1. Petitioner has filed this petition under Section 482 of the Code of Criminal Procedure, 1973 (in short, the 'Code') requesting the Court to quash the proceeding initiated against him, i.e. G.R. Case No. 96 of 1997 pending on the file of learned J.M.F.C., Ranpur arising out of Ranpur P.S. Case No. 98 of 1997 for alleged commission of offence punishable under Section 376, I.P.C. by him.
2. According to the petitioner, on 29-8-1997 the informant lodged a complaint in Ranpur Police Station which was registered as Ranpur P.C. Case No. 98 of 1997 alleging that on 20-4-1997 at about 7 p.m. the petitioner had sexual intercourse with her against her consent. Her father though lodged the F.I.R. on the next day same was not accepted. Accordingly, the informant had to lodge a written report on 29-8-1997. The said report was registered as Ranpur P.S. Case No. 98 of 1997 dated 3-9-1997. Later on it was registered as G.R. Case No. 96 of 1997. Pursuant to the F.I.R. lodged, the I.O. enquired into the matter, examined the witnesses and after going through the evidence collected found that no prima facie case was made out. As such the I.O. submitted final form on 21-9-1998. The said final form was accepted by the learned Magistrate on 13-10-1998. The learned Magistrate issued summons to the informant on 10-12-1998. The case was again adjourned to 2-1-1999. On 28-1-1999 the informant appeared and lodged protest petition requesting the Court to take cognizance. Taking into consideration several adjournments, on 22-2-1999 the trial Court took cognizance against the petitioner for commission of offence punishable under Section 376, I.P.C. Grounds taken by the petitioner for challenging the order of cognizance are as follows :
(i) Whether the procedures adopted by the learned J.M.F.C., Ranpur i.e., after submission of the final form by the Police and thereafter acceptance of the protest petition of the informant and thereafter continuance of the G.R. case can be sustainable in the eye of law.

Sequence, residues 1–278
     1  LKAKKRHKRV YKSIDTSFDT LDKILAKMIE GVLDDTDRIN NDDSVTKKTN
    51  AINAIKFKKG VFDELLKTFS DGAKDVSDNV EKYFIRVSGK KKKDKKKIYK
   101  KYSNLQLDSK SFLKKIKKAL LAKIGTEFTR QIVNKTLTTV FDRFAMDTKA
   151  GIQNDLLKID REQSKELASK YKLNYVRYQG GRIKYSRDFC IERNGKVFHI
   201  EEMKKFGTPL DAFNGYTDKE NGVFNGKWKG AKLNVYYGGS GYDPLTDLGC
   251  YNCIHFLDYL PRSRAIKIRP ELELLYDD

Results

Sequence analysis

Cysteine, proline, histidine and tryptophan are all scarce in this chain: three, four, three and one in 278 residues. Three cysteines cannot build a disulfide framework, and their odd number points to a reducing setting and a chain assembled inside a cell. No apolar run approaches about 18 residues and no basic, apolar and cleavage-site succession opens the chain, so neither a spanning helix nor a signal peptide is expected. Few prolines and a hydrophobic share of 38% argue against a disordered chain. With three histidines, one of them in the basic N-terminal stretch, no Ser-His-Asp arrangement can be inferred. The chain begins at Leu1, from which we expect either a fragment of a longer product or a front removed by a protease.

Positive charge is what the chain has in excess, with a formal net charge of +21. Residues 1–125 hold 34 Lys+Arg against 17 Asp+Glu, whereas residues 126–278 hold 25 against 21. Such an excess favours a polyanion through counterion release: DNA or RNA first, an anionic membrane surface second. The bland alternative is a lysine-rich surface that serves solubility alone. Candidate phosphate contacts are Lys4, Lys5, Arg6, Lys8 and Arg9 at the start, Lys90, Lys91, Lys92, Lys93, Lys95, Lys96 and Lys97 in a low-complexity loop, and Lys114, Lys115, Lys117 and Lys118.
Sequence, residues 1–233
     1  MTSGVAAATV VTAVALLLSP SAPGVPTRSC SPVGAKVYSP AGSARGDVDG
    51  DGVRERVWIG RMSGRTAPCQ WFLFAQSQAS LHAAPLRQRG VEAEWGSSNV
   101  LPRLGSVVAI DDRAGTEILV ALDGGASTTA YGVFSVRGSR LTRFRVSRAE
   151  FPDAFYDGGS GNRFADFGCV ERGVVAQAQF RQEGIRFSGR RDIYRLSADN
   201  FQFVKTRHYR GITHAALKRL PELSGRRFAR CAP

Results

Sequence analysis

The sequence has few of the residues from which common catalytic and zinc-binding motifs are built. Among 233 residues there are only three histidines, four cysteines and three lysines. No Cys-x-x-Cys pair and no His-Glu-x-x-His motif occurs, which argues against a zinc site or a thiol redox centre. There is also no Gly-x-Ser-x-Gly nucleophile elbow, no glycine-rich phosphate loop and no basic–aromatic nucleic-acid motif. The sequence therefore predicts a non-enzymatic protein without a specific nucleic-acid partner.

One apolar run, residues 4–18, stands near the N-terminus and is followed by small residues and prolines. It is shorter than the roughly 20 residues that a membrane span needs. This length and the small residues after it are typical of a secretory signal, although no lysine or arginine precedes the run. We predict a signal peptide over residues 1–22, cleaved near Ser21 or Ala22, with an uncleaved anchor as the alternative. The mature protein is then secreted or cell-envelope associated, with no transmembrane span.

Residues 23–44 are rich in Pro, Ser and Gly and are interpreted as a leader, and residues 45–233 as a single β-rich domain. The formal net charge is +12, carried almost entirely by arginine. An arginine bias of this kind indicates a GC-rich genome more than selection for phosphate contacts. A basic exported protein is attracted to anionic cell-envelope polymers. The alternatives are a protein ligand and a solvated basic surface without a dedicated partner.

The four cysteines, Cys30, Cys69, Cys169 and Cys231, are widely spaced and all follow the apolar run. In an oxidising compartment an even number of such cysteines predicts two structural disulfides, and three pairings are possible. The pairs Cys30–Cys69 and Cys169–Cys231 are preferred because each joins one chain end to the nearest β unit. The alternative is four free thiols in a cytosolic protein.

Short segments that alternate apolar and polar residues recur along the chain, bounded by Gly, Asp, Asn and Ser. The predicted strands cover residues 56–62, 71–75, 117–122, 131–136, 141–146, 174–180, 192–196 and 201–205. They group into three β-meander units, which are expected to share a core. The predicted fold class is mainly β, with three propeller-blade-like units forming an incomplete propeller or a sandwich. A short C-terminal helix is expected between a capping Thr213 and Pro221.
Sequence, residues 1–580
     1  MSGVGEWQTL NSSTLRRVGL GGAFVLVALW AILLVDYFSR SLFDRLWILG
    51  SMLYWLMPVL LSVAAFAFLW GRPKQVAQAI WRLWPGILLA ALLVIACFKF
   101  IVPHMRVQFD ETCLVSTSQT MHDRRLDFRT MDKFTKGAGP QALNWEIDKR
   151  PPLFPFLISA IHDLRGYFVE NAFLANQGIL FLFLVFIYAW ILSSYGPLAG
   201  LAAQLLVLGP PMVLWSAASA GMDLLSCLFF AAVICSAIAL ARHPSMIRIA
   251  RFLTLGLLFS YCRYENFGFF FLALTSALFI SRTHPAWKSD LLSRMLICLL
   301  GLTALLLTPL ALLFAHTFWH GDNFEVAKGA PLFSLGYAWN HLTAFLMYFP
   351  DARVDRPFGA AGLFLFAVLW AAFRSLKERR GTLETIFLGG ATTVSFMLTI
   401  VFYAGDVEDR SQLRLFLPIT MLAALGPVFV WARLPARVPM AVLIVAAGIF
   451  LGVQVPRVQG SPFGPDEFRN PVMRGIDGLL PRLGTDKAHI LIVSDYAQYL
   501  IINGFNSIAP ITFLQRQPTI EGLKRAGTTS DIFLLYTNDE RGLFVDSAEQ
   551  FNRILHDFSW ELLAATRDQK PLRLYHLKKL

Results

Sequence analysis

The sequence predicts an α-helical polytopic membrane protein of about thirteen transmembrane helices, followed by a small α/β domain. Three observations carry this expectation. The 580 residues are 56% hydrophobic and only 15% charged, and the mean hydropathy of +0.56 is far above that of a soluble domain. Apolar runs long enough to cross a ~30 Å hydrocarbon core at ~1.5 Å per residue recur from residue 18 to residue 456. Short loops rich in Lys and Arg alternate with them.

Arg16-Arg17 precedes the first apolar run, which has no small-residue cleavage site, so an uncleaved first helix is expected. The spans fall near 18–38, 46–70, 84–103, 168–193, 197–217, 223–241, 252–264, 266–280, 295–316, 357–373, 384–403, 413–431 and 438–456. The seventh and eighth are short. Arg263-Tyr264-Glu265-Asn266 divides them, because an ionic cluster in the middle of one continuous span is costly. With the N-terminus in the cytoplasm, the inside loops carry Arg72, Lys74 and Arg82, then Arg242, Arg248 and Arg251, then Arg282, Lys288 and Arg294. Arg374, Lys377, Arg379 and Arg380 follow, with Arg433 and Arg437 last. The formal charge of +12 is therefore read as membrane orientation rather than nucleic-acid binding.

(ii) Whether the trial Court is justified in proceeding with the G.R. case particularly when the learned trial Court did not take cognizance on the basis of the final form submitted by the Police and moreover, once the protest petition is filed and the same is accepted, without taking recourse of the provision contained in Chapter XV of the Code of Criminal Procedure and continuance of the G.R. case is bad in law?
(iii) Whether the learned trial Court is justified in considering the materials available in the case diary, particularly when the Court did not take any cognizance on the same inasmuch as once the protest petition is accepted, the Court ought to have proceeded by treating the same as a complaint case and thereafter to follow the procedures laid down in the Code of Criminal Procedure.
(iv) The uncontroverted allegations made in the protest petition coupled with the materials in the case diary and the evidence collected in support of the same do not disclose the commission of any offence and make out a case against the petitioner.
3. Learned counsel appearing on behalf of the petitioner submitted that when the final form was filed there was no need for the trial Court to accept the protest petition and then to take cognizance. The learned Magistrate before taking cognizance should have applied his mind to see whether a prima facie case has been made out and the taking of cognizance is illegal. It is further submitted that the entire proceedings are to be quashed by exercising power under Section 482 of the Code.